Early in the morning on Friday, convicted rapist Brock Turner was released from jail after serving a short 90-day sentence. That’s 5,020 days shorter than the maximum sentence of 14 years, 2,100 days less than the six years prosecutors recommended, and 93 days shorter than the meager six-month sentence Judge Aaron Persky gave him.
It was difficult to watch Turner take the short walk from the Santa Clara County facility where he was being held to the safety of the car that was waiting to whisk him away to comfort and security. Video of his release was shared widely on the internet and the outrage exploded.
The comments make sense. It can be incredibly unsettling to think about how lightly the state of California took this crime. If you are personally triggered, or feeling upset or afraid, the most important thing now is to not feel despair.
The world is actually fairer than we think.
The public cry for justice is a lot harsher than any time spent in protective custody. In jail, Turner was shielded from the outside world. In the outside world, he is screwed.
Brock Turner might have received a ridiculously short prison sentence, but in terms of his future he's been sentenced to life.
Everywhere he goes, he will be known as the poster boy for rape.
Rape is never a good thing. But there are many reasons why his short sentence is actually better for the fight against rape culture in the long run. It brought much-needed attention to the prevalence of rape culture, predatory behavior and white privilege on college campuses. It also revealed the complete bias of the media who continue to refer to Brock Turner as "Stanford swimmer" rather than "convicted rapist."
Here is a list of things that have happened as a direct result of Brock Turner's actions and the disregard Judge Aaron Persky had for justice.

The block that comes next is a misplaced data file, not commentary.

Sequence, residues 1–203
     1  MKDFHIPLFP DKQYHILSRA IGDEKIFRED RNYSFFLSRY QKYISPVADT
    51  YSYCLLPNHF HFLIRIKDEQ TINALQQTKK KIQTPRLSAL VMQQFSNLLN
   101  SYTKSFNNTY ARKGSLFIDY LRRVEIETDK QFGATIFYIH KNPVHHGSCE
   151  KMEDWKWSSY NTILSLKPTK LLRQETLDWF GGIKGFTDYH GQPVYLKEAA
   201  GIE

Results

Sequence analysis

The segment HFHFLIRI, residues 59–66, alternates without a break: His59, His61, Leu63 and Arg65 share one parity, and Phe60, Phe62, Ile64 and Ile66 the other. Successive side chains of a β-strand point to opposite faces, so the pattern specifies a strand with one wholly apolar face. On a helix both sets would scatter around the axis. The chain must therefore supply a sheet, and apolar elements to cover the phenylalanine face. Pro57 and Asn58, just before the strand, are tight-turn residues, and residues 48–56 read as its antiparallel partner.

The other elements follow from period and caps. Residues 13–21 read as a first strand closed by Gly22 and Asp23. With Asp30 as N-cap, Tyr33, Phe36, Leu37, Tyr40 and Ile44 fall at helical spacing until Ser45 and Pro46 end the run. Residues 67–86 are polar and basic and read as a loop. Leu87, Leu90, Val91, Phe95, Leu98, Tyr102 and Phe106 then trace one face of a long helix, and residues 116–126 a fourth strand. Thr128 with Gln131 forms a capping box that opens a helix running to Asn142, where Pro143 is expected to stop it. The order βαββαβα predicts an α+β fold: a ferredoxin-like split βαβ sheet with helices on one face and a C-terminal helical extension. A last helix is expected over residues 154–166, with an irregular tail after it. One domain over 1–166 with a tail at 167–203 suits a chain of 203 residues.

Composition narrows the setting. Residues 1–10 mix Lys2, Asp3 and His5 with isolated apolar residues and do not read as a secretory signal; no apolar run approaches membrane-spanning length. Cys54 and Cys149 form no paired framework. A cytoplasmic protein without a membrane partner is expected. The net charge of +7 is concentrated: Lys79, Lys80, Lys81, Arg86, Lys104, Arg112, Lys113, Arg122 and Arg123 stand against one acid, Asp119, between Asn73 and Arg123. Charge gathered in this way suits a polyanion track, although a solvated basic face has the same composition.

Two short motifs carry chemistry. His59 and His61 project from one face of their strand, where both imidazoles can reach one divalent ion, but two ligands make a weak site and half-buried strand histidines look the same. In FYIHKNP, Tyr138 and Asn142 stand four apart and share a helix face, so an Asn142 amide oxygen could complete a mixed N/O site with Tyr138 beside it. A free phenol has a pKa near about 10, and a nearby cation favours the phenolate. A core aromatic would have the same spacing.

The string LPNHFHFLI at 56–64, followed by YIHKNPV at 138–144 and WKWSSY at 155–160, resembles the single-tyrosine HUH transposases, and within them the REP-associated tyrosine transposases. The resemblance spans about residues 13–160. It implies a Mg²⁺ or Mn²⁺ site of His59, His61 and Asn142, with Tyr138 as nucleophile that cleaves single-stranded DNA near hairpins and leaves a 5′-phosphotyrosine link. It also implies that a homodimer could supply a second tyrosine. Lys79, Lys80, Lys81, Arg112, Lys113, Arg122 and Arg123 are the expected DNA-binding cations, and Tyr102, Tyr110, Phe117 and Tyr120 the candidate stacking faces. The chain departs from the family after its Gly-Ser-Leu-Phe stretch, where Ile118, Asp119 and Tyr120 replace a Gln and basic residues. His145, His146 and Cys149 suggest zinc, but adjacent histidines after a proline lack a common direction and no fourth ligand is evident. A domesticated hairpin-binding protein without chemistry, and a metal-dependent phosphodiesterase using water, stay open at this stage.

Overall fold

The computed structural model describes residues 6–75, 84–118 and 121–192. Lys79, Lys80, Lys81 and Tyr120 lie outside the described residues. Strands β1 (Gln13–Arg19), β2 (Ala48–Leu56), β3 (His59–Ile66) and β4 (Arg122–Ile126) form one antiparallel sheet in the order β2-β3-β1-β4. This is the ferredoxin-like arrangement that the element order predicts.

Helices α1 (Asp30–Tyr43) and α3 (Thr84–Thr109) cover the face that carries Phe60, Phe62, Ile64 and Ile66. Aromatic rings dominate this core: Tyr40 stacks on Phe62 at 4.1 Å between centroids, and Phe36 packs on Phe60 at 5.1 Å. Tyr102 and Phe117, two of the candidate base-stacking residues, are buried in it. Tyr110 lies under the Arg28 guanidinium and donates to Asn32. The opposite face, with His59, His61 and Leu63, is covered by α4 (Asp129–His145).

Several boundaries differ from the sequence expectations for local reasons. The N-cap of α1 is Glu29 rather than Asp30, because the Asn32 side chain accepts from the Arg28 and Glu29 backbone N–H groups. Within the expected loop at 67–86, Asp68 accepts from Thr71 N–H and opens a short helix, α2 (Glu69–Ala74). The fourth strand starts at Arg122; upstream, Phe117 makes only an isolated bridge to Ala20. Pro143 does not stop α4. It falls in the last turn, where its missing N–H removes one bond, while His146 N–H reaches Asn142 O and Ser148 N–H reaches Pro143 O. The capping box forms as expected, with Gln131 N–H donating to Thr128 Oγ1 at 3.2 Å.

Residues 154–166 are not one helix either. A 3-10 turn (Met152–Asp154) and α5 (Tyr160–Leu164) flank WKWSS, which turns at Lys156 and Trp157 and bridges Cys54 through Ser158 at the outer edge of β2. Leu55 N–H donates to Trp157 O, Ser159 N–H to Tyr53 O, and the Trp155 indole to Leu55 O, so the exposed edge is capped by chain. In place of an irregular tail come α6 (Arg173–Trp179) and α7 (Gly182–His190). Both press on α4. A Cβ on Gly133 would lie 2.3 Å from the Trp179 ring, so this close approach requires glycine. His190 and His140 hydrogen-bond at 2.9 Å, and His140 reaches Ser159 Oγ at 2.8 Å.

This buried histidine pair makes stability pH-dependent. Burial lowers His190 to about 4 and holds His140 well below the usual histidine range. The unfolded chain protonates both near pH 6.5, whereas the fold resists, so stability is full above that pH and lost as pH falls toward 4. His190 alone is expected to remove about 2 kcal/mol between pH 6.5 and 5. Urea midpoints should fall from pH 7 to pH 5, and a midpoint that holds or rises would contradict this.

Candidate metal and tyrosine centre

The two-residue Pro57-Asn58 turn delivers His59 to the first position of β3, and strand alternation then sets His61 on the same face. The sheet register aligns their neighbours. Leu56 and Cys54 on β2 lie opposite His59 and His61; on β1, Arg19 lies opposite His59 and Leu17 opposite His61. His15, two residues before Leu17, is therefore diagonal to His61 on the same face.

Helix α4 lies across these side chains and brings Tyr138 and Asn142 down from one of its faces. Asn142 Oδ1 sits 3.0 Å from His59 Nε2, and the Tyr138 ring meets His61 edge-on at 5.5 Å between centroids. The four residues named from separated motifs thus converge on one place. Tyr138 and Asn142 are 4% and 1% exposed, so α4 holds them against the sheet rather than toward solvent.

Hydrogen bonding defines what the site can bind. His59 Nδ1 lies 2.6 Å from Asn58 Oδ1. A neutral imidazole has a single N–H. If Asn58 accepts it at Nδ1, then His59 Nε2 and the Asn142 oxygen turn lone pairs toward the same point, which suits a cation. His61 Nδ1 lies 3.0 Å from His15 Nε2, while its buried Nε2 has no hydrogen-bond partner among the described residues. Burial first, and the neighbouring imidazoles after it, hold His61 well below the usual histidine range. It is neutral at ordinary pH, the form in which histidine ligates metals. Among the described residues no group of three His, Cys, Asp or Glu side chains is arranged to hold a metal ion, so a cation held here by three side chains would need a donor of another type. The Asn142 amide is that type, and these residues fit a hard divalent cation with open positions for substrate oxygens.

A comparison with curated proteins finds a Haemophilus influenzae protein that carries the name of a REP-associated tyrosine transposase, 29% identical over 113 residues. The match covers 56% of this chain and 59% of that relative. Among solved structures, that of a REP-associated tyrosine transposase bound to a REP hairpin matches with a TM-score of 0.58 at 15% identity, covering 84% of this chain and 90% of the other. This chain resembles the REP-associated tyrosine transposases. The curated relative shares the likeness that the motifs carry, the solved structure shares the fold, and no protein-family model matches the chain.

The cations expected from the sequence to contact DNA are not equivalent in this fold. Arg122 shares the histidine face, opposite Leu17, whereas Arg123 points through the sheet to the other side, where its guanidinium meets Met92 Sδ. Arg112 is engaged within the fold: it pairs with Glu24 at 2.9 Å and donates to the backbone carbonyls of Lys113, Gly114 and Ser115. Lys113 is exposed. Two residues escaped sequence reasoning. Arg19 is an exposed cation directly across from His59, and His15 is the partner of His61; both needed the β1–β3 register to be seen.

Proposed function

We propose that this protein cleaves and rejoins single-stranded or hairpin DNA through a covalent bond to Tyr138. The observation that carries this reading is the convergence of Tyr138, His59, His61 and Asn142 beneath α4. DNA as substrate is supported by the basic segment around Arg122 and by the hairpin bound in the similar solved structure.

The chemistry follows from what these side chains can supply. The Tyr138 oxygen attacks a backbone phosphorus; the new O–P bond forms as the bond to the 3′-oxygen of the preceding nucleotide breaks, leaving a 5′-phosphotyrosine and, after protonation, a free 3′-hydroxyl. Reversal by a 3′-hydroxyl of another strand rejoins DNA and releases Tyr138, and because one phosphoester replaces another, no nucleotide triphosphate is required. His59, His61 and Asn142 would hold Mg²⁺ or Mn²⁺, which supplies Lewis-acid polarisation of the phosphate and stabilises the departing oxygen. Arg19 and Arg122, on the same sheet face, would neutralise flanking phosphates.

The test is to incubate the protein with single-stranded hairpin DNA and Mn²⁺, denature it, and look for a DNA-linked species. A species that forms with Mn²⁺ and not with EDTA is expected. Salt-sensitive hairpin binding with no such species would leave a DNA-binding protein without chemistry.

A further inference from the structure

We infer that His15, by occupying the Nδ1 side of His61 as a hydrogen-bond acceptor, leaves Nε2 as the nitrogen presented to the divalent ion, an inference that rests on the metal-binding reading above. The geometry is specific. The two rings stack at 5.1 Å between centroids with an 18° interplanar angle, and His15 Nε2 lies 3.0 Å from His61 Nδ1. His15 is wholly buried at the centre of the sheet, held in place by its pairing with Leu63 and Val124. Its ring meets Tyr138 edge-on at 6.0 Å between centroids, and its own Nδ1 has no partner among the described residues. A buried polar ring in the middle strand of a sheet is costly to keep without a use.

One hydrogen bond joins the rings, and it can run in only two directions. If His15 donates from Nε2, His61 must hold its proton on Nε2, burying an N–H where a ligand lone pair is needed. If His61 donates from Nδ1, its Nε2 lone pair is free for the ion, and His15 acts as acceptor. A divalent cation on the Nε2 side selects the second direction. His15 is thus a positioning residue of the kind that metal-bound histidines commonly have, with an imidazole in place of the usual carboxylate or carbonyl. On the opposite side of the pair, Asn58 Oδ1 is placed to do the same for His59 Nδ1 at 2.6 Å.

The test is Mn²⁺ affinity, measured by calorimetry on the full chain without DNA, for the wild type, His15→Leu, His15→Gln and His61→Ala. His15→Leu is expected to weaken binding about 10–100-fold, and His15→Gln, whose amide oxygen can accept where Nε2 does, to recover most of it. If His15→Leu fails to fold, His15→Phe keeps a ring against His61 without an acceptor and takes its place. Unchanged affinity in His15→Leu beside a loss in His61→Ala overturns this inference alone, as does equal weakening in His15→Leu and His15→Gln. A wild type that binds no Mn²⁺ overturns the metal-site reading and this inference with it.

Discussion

- Now that he's out of jail, Brock Turner has three years of probation and must register as a sex offender.
- If he returns home to Greene County, Ohio, within five days of his return, he must go to the Greene County Sheriff's Department to be photographed and officially registered as a sex offender. Postcards will be mailed to alert nearby homeowners that a sex offender lives in the area — here or anywhere he lives.
So what? That's not enough, you say? Here's more:
- A new California rape bill inspired by Turner's case passed the state Assembly on Monday with a final vote of 77-1. AB 2888 ensures that anyone in California convicted of sex assault can't be sentenced to probation.
- This woman’s case is receiving the media attention it deserves. On the exact same day Judge Persky gave Brock Turner a lenient sentence, he doled out another outrageously small punishment for the brutal beating and assault of another woman. Now her story is being told.
- Rape statistics in general have been called into question, specifically that they are too low. It’s finally being revealed that underreporting and murky definitions of rape have made sexual assault seem like far less of a problem than it is. Stanford students are just one student body demanding more accurate reporting.
- A public effort to unseat Judge Persky was born. Stanford Law Professor Michele Dauber personally knows the victim and headed up efforts to have him removed from the bench.